According to Gary Hufbauer and Jeffrey Schott, authors of the Institute for International Economics book NAFTA: An Assessment, "If the NAFTA is rejected, the U.S. is likely to experience job losses. Rejection of the NAFTA would probably cause capital to leave Mexico. The resulting slowed Mexican growth and a potential devaluation of its currency would contract Mexico's imports and expand its exports, thereby slashing the U.S. trade surplus with Mexico." ("NAFTA: A Win-Win-Win Situation for North America," Institute for International Economics News, February 17, 1993.) While Hufbauer's and Schott's estimate of job increases is slightly different from those predicted by the ITC or the Clinton Administration, they still calculate that under the NAFTA, a gross total of 316,000 U.S. jobs will be created, while a gross total of 145,000 U.S. jobs will be lost -- leading to a net gain of 171,000 new jobs. (Ibid.)

Myth #2: Lower wages in Mexico will encourage U.S. companies to relocate their plants and factories there. (Perot and Choate, pp. 35 and 68.)


Since labor represents only between 10 percent to 20 percent of production costs for most businesses, Perot's argument about lower wage levels in Mexico luring U.S. plants south of the border is greatly exaggerated and in most cases wrong. (Keith Bradsher, "Perot Leads Attack on Trade Agreement," The New York Times, September 16, 1993, p. A20.) If U.S. companies were going to move to Mexico, they would have already done so. The reason: there is absolutely nothing stopping them from relocating there today. Mexico has removed most of its restrictions on foreign investment and ownership of manufacturing facilities. ("NAFTA: Summary and Analysis," House Republican Conference Issues Brief, September 13, 1993, p. 3.) Moreover, wage levels in Mexico are not nearly as low as many people believe and will rise steadily under the NAFTA. It is estimated that Mexican wages have risen by 28.7 percent since 1987. Rapidly increasing wage levels in Mexico, combined with lower productivity levels, often erases much of the wage advantage anyway.

U.S. workers earn high wages because they are the most productive workers in the world. By contrast, Mexico's wages are low because the economy is poor. U.S. companies wishing to relocate to Mexico must deal with the consequences of what is essentially a Third World economy. For example, the operating costs for U.S. firms doing business in Mexico are raised considerably by higher levels of worker absenteeism, lower educational standards, political instability, limited access to raw materials, and the problems associated with long distance management. Consequently, few companies base plant locations on a simple calculation of wage differentials; for most U.S. manufacturers, the cost of labor is less important than such factors as access to technology, the skills of the local work force, and the quality of the transportation network. If cheap labor were the sole determinant of plant sites, then Perot and other U.S. industrialists would be relocating their factories to countries like Haiti and Nicaragua.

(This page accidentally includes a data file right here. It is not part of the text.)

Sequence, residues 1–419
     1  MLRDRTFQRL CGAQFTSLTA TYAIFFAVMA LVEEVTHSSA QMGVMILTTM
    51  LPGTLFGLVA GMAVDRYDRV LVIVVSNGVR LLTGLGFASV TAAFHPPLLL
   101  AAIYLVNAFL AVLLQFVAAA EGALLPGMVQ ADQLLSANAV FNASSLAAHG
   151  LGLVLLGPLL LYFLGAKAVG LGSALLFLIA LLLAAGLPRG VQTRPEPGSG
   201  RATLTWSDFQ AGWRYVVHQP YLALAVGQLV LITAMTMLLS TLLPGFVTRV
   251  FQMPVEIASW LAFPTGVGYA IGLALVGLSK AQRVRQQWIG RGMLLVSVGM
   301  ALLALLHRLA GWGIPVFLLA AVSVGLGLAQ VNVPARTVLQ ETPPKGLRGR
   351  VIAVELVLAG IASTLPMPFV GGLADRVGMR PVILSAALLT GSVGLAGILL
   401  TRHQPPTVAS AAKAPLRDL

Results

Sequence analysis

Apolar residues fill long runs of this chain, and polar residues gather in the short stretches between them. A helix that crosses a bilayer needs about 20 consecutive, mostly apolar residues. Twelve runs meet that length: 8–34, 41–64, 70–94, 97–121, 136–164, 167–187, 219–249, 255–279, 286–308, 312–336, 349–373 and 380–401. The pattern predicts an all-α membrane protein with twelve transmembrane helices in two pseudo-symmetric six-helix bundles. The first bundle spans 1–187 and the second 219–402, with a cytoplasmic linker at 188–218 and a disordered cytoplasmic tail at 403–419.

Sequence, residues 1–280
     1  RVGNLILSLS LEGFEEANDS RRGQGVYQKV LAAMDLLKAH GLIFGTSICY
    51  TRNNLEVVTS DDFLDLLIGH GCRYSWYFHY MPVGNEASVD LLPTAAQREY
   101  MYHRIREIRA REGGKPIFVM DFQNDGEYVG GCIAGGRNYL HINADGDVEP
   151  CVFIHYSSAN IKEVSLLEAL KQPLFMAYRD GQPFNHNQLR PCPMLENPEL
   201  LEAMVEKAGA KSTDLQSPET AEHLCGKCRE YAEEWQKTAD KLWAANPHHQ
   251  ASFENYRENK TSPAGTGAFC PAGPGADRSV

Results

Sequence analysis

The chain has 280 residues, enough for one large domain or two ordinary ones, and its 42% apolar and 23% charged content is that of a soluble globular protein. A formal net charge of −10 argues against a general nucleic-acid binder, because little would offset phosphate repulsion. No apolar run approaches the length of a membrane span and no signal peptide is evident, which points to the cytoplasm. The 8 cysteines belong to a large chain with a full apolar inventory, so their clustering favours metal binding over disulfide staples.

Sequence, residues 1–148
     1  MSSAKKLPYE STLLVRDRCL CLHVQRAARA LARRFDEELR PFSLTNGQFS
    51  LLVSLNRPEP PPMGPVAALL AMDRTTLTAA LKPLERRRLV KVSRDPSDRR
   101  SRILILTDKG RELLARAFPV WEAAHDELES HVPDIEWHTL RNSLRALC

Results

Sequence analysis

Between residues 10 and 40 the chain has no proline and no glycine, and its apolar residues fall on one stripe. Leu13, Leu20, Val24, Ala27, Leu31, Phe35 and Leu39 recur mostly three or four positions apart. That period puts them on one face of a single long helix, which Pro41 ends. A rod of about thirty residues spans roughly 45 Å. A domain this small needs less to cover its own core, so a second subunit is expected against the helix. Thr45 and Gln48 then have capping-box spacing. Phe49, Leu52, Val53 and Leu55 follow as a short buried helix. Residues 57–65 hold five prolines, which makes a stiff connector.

Myth #3: NAFTA will destroy America's manufacturing base. (Perot and Choate, page 28-40.)


Perot and Choate clearly misrepresent the facts when making this charge. The NAFTA benefits the U.S. economy and manufacturing base because it levels the playing field of trade with Mexico. As far as most imports from Mexico are concerned, the U.S. already practices free trade. The NAFTA will mainly affect Mexican barriers against U.S. goods. Mexico's average tariff barriers against U.S. exports are 2.5 times higher than U.S. tariffs against imports from Mexico. By contrast, over 50 percent of U.S. imports from Mexico already enter duty-free and the average U.S. tariff on Mexican goods is only 4 percent. Moreover, complex Mexican domestic licensing requirements further impede U.S. exports to the Mexican market. The NAFTA, however, will eliminate these non-tariff barriers.

Mexico is the United States' third largest and fastest growing export market. Only Canada and Japan purchase more U.S. goods and services. Only Canada buys more U.S. manufactured goods than Mexico. Since 1986, U.S. exports to Mexico have increased by 228 percent to $40.6 billion -- 2.3 times faster than U.S. exports to the rest of the world. Moreover, Mexicans buy more U.S. goods per capita than do much wealthier European and Japanese consumers. (Clyde Prestowitz, "NAFTA: Why we Hafta," The Washington Post, September 19, 1993.) It is estimated that 70 cents of every dollar that Mexico spends on foreign products is spent on U.S. goods. (For more information, see "The NAFTA: Expanding U.S. Exports, Jobs, and Growth," Clinton Administration Statement on the North American Free Trade Agreement, July 1993, pp. 4-7.)

American exports of manufactured goods to Mexico have grown rapidly since Mexico lowered its trade barriers in 1986. This rise in U.S. exports to Mexico has added more than 400,000 new jobs to the American economy. By increasing export opportunities, the free trade accord will enable the U.S. to take advantage of its economic strengths, which include high-wage, high-technology manufacturing. U.S. exports to Mexico will jump by 46 percent by 1995, to $60 billion, compared with $41 billion last year. Six years ago the figure stood at only $14.5 billion. (The Kiplinger Washington Newsletter, September 10, 1993, p. 1.) This increase in trade, much of which is in U.S.-manufactured goods, will undoubtedly help fortify -- not damage -- the U.S. manufacturing base.